On 5th November 2014, the Bishop of Truro, the Rt Revd Tim Thornton, spoke during the Committee Stage of the Consumer Rights Bill, in support of Baroness Howe of Idilcote’s amendment which would require internet service providers and mobile phone operators to provide default adult content filtering. Following the debate, Baroness Howe withdrew her amendment, but suggested that she would re-table it at Report Stage.
The Lord Bishop of Truro: My Lords, I support the amendment and am grateful to the noble Baroness for providing a comprehensive and excellent introduction to it. I do not want to repeat the important points that have already been made; I simply want to underline one particularly important point.
These days, we all have a responsibility to take child protection and safeguarding very seriously. Your Lordships may or may not be aware that you cannot be made a bishop in the Church of England unless you have had statutory safeguarding training. The most reverend Primate the Archbishop of Canterbury has made that very clear in all that he has said and done, and that seems absolutely right and proper. Continue reading “Bishop of Truro supports child protection amendments to Consumer Rights Bill”
“These loans are not being taken seriously by young people, serious though they are. We have allowed them to take over our televisions and radios, normalising them to the point where their use is seen as casual. Just this morning I was told the story of a young woman who took out a payday loan to pay for a Domino’s pizza. That could prove to be a very expensive pizza indeed.”- Bishop of Norwich, 3/11/14
On 3rd November 2014, the Bishop of Norwich, the Rt Revd Graham James, took part in the Committee Stage of the Government’s Consumer Rights Bill, speaking in favour of an amendment to regulate the advertising of payday loans to children. The Bishop highlighted the pervasiveness of pre-wateshed advertising of payday loans, and the fact that young parents were far more likely to take out a loan than older parents. He also called for greater investment in financial education.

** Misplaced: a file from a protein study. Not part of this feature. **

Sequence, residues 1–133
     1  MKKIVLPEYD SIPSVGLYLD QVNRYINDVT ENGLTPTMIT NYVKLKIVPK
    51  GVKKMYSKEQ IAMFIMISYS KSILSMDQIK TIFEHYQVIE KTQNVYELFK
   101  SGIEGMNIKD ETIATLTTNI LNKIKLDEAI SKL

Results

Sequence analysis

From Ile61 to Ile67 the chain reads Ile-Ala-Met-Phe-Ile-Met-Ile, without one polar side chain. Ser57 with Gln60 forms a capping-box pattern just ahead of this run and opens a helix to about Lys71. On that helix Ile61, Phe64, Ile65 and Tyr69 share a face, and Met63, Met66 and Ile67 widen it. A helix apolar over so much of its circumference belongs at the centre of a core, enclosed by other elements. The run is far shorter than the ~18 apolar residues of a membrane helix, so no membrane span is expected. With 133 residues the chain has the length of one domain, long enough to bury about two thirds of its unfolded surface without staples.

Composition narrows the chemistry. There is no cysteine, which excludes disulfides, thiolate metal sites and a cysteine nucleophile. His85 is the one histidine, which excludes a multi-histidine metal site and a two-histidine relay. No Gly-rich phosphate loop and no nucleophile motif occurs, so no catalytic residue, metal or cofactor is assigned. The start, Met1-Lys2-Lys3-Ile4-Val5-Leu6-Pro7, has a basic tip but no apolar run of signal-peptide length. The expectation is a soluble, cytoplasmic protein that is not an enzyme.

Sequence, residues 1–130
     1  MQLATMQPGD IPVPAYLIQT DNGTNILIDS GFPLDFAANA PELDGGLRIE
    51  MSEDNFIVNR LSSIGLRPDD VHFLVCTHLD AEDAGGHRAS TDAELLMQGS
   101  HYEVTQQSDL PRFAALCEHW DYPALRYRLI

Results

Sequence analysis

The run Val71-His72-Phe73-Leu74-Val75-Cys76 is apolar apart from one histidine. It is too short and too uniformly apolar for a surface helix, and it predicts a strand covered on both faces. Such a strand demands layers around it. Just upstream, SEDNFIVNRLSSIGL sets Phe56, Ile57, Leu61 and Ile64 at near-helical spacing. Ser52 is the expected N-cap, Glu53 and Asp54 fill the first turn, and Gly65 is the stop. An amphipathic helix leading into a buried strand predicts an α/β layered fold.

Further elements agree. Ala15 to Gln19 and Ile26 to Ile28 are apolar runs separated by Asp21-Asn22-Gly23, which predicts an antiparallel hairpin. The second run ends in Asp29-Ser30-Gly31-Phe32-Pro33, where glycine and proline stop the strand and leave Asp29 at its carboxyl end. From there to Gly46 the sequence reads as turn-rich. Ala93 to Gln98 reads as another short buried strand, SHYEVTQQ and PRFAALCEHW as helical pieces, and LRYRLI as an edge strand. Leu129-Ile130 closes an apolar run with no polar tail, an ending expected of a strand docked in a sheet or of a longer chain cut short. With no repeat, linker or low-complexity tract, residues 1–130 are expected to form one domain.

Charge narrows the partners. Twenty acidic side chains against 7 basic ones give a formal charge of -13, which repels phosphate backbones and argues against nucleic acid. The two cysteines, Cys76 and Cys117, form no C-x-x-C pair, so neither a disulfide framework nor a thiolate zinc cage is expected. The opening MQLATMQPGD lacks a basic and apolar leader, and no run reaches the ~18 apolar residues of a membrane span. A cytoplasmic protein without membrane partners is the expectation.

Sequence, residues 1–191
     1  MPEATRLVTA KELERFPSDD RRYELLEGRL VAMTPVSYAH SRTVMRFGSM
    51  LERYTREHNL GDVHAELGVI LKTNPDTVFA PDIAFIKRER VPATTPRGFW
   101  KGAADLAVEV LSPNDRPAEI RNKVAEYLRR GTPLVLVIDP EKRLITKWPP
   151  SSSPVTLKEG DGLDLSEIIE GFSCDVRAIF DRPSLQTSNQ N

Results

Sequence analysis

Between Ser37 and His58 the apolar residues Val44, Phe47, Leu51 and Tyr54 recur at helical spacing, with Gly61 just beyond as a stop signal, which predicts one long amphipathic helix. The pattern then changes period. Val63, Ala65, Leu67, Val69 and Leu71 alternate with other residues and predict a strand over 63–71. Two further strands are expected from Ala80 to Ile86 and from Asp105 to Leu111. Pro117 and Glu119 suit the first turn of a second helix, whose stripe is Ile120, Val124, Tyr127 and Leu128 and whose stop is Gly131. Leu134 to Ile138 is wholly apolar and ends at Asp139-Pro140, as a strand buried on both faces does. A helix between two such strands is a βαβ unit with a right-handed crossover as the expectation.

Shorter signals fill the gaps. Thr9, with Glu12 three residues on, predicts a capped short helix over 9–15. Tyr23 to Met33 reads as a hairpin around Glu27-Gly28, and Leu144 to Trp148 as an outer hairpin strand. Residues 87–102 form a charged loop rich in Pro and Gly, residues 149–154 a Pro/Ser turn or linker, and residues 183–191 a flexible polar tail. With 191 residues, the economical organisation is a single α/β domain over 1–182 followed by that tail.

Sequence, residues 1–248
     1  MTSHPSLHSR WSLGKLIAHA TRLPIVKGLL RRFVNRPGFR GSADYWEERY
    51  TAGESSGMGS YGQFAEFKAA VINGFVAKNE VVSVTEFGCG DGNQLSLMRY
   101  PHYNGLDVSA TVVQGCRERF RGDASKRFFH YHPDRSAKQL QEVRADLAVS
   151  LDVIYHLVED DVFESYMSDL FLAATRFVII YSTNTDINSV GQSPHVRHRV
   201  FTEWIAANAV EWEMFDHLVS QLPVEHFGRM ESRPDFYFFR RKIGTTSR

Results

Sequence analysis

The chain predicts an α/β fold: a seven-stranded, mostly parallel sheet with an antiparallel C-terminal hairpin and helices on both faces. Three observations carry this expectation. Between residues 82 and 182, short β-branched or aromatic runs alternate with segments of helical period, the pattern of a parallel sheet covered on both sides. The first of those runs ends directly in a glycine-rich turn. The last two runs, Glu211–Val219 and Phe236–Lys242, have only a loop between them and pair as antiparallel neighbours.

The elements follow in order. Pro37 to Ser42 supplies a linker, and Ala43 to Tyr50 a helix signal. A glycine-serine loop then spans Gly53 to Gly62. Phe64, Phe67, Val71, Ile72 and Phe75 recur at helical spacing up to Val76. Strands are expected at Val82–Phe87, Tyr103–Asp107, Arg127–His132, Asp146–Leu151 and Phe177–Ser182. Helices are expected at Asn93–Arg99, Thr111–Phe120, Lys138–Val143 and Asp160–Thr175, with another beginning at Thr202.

The amendment, which was co-sponsored by the Bishop of Truro, was withdrawn at the end of the debate, with its supporters calling for the Government to take further action before the Bill returned for its Report Stage.
The Lord Bishop of Norwich: My Lords, I rise to support the noble Lord, Lord Alton, and to speak to Amendment 105B, in the name of my colleague the right reverend Prelate the Bishop of Truro, on the advertising of payday loans. He cannot be here today but has been working very closely with the Children’s Society on this issue. Amendment 105B seeks to make provisions to restrict the times at which payday loan advertisements are shown, most specifically in relation to the watershed.
It surprised me to discover that, according to Ofcom, no less than 80% of all payday loan advertisements are shown before the watershed. It is therefore no surprise—to pick up on some of the statistics that the noble Lord, Lord Alton, mentioned—that the Children’s Society found in its survey that over half of all children aged 10 to 17 reckon that they see payday loan advertisements either “often” or “all the time”. It is the sheer quantity of these advertisements that normalises payday loans for children and young people. The research shows that one-third of all teenagers think that the payday loan adverts themselves are tempting and exciting—they are very well designed. Those teenagers are much more likely than their counterparts to say that they would consider taking out a payday loan in the future. Continue reading “Bishop of Norwich supports ban on pre-watershed payday loan advertising”